I've got an old 2005 server where 8/12 of the databases are in Standby/Read-Only. This server has 81 jobs, many of them with unique id's for names. One of these jobs is called Replicate, and it calls a .cmd file every 30 minutes. The .cmd calls a .pl that looks like some sort of home-brewed log shipping.

I'd like to bump the databases out of standby so I can back them up properly, but I'm worried it will break everything.

To make matters worse, while the server is a VM, there is (according to the VM admins) a problem with the drives where it sits, making it impossible to back up. They are worried that the server could die at any time, so we have to do something.

The databases are relatively small - I may be able to get in and out in the 30 minutes between the Replicate job. There's no test environment, though, so I can't find out easily.

We do have vendor support, but they don't seem to be very good. Am I better off just handing them the keys?

Question: How would you go about backing up this server without knocking it down in the process?

  • Just do a native sql server full backup - backup database dbname to disk = 'your disk\dbname.bak' with init .. since you are on 2005, backup compression (was an EE feature - need to check .. do not recall). – Kin Shah Jan 29 '18 at 15:32
  • can't back up a DB in standby though, right? – James Jan 29 '18 at 15:33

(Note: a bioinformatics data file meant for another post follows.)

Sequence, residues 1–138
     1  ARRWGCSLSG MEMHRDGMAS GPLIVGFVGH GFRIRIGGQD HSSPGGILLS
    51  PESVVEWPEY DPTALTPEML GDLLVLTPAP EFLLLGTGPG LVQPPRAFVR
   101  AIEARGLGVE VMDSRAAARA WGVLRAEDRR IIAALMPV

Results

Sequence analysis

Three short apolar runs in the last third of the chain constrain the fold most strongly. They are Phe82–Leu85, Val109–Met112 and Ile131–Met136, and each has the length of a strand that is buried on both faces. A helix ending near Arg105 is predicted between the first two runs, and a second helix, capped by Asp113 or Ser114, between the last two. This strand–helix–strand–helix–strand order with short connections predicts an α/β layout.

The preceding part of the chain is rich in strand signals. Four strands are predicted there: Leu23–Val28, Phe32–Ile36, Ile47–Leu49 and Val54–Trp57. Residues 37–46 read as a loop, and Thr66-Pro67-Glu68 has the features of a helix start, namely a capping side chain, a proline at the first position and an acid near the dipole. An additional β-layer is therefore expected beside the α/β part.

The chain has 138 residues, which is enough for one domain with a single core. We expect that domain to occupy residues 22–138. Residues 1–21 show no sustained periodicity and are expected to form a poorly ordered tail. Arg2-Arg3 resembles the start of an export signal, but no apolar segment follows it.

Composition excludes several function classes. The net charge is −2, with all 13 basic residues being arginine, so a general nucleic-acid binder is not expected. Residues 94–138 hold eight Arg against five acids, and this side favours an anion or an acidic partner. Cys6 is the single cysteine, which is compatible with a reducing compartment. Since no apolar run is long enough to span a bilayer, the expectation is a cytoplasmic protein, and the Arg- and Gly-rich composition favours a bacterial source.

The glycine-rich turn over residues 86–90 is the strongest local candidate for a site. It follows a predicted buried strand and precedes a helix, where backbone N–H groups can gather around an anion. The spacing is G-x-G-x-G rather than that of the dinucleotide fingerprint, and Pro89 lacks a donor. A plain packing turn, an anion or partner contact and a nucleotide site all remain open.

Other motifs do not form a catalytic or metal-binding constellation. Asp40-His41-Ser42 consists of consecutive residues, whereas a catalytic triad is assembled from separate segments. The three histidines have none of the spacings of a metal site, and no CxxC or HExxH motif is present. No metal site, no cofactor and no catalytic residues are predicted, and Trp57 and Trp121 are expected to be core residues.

• No .. you cant backup a standby db .. but readonly - yes. when you said Standby/Read-Only I assumed you have a mix of standby and readonly dbs :-) – Kin Shah Jan 29 '18 at 15:35

I think there are at least the following methods here for your consideration.

  1. BCP (Bulk Copy) out each table and then script out the database and then you can recreate a new db using these data and scripts.

  2. You can temporarily take the db offline (by detaching the db) and then copy the MDF file and/or LDF file. You can use the file copy to reattach it to another db.

  3. If you want doing online, you can simply create an SSIS package to dump the data (of course, your destination db should be created the same way as the source db, which you can script it out)

  • Oh man. I wrote a script that will back up & restore a whole database using .txt files, giggling to myself the whole time, because I thought it was really stupid. Time to go dust it off... – James Jan 29 '18 at 18:03

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